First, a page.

Specialty Grocer Smackdown
Being located near a Trader Joe's or Whole Foods Market is a definite plus, but is one better for property values than the other? A study released by RealtyTrac this week shows that much-loved specialty foods store Trader Joe’s might be doing more than saving you money — it could be making you money.
According to RealtyTrac, homeowners in the same ZIP code as Trader Joe’s stores see their home values increase an average of 40 percent. That’s 6 percent more than the home appreciation national average, 34 percent, which is the same as what being near a Whole Foods will net you. The only downside? Property taxes near Trader Joe's also tend to be higher.
Dallas and Fort Worth residents rejoiced when Trader Joe’s announced plans to come to their respective neighborhoods, bringing with them the store's cult-favorite products and low prices. How did we ever survive without easy access to Speculoos cookie butter and olive oil popcorn?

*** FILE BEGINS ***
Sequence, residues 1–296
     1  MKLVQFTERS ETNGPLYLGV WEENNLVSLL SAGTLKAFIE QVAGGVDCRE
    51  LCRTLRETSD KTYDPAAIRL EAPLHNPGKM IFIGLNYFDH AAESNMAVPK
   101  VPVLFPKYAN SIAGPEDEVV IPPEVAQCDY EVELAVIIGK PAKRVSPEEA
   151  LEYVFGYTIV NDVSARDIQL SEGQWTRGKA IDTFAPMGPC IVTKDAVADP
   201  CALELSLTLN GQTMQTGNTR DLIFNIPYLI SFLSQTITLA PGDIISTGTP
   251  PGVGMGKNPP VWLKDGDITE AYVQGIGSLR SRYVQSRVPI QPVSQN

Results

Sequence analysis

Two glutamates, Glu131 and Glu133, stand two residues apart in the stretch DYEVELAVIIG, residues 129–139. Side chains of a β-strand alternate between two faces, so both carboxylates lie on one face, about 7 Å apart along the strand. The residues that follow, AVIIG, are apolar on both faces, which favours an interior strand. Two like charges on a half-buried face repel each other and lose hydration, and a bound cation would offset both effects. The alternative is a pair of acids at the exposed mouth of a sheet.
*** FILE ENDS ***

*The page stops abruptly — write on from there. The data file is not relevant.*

The California-based chain arrived in the North Texas area in 2012 with a store in Fort Worth, and has since expanded to eight DFW locations, with two more on the way.
The Fort Worth opening sparked a crop of specialty grocery stores popping up all around town. Whole Foods plans to open in the new Waterside development in the spring of 2016, and Fresh Market opened in June in the new Riverside district, following multiple openings in Dallas and Southlake (including this highly anticipated one in Uptown Dallas).
Fresh Market also has two Dallas locations. The opening of Whole Foods ups the count to three specialty foods stores for the 76109 ZIP code near TCU and Colonial Country Club.
The study looked at 2.3 million homes and compared the average of current home values to the average of home values at the time the home was last purchased in 242 ZIP codes with at least one Trader Joe’s store. Devotees of cookie butter might argue that the higher property taxes are worth it.